Edgar Allan Poe's "Tell-Tale Heart" and "The Black Cat" - A critical comparison.

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Edgar Allan Poe's "Tell-Tale Heart" and "The Black Cat" A critical comparison Edgar Allan Poe’s main focuses in his writings are horror, fantasy, and murder, with the theme of death visited in most of his works. His many writings reflect an imagination that most of his readers could experience when dreaming at night. Poe takes the subject matter death a step further than the simple act and explores the processes and avenues of death. This form of morbidity that is brought throughout Poe’s stories usually involves the main character getting rid of one's burden, to one degree or another. Nearly all of his works consisted of variations of this single theme of dark and dreary death. In addition, most of his stories involve an individual who is forever haunted by their reactions to the one thing that they wanted to get rid of. In the stories "The Tell Tale Heart" and "The Black Cat" we see this theme presented in a very powerful sense. Both the “Tell Tale Heart” and “The Black Cat” involve the narrator’s inner torment to his selfless act of violence. The focus on the narrator and the theme of the story is strongly concealed with the characters need to be rid of something, but yet continuously being haunted by that very something, even after it has been disposed of, presenting us with what Poe termed "spirit of perverseness."           “The Tell Tale Heart” by Edgar Alan Poe (1843) is a story describing a case of domestic violence that has occurred as a result of an irrational fear. To the narrator, that fear is represented by the old man's eye. This eye which has caused such fear to the narrator is described as a vulture’s eye. “He had the eye of a vulture --a pale blue eye, with a film over it.” (Poe, 1843) A vulture, of course, is a bird of prey; and if anyone is predatory in this story, it is certainly not the old man, but the narrator. An element in this story which further magnifies the thesis presented is that of one which involves hiding the perverseness and the haunting of guilt. In addition to dramatizing the spirit of perverseness` in his narrative, Poe combines other elements of the gothic tale including the evil eye, the narrator's paranoia after the act is committed, the dramatic concentrated intensity of tone, the gradually heightening series of dramatic events, and the narrators conscience which causes his compulsion to confess the murder. “But anything was better than this agony! Anything was more tolerable than this derision! I could bear those hypocritical smiles no longer! I felt that I must scream or die! and now --again! --hark! louder! louder!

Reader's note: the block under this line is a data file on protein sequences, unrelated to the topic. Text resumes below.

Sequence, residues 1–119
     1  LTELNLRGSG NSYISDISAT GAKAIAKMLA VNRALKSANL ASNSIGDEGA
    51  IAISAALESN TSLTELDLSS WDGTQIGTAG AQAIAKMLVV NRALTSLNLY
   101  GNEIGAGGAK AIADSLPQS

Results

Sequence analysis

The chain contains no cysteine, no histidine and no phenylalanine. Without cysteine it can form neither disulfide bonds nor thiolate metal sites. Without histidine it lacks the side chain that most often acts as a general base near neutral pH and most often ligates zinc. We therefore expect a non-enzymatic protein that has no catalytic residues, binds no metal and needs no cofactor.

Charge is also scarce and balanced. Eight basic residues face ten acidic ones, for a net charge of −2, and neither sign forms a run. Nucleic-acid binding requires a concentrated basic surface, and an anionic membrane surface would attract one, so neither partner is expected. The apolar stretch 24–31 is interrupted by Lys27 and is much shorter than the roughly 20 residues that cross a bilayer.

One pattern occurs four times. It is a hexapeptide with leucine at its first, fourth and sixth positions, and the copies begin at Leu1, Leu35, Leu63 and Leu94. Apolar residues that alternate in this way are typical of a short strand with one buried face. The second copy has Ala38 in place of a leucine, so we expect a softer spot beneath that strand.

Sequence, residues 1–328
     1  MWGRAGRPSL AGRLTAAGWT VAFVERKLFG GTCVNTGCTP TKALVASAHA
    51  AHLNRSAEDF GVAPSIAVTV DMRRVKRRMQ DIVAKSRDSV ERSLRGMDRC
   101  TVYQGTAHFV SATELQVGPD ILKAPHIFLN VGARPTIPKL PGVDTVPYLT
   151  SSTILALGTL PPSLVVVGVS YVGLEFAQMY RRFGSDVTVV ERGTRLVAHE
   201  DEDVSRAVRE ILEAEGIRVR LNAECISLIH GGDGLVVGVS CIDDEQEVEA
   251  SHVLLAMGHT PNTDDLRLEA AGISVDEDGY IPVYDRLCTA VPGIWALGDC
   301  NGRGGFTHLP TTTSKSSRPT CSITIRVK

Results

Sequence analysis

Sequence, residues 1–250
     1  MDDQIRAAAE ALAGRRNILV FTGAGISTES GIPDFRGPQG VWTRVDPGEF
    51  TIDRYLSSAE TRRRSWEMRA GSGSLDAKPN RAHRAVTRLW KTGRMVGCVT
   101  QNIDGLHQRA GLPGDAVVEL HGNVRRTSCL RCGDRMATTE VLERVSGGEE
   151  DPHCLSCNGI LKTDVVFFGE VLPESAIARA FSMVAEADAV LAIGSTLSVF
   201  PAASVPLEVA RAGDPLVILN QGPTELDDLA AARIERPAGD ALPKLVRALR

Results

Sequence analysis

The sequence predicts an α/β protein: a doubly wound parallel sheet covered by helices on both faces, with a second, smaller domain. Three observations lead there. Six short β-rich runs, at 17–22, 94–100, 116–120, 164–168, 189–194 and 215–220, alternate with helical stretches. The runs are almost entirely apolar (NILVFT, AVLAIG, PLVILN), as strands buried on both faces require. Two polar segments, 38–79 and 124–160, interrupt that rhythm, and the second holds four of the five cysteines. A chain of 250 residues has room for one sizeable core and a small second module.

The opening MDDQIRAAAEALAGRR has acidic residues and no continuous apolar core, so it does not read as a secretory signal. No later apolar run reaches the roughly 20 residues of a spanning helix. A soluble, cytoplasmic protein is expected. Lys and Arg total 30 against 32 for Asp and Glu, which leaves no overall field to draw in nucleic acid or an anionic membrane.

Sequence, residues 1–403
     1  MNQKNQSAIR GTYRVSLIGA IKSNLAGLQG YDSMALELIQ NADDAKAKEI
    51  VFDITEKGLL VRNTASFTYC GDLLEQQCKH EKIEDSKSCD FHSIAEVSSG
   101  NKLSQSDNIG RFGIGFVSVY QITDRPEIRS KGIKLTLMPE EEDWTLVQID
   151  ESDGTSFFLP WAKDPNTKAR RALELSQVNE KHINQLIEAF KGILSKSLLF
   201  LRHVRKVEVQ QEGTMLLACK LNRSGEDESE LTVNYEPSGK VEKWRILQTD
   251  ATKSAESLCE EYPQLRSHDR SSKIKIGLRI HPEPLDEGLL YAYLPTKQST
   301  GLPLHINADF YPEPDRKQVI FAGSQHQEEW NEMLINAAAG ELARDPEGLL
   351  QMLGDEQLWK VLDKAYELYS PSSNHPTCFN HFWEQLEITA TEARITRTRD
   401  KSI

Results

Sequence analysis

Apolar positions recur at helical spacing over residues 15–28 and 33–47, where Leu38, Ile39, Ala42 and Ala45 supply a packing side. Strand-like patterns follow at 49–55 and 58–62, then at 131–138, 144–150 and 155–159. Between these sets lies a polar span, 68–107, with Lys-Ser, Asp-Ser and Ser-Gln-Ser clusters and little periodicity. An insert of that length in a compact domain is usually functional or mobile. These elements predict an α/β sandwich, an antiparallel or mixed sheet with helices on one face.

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louder! Louder” (Poe, 1843) The narrator is a person whom feels the need and compulsion to commit a gratuitous act of evil against the old man due to this fear of the eye. There is no real reasoning for this decision, except for the fact that the narrator suddenly takes a violent dislike to the way the old man looks at him. The narrator is essentially losing his mind; he is consumed by some inconceivable need to rid himself of the insanity caused by the old man and his eye. “I loved the old man. He had never wronged me. ...

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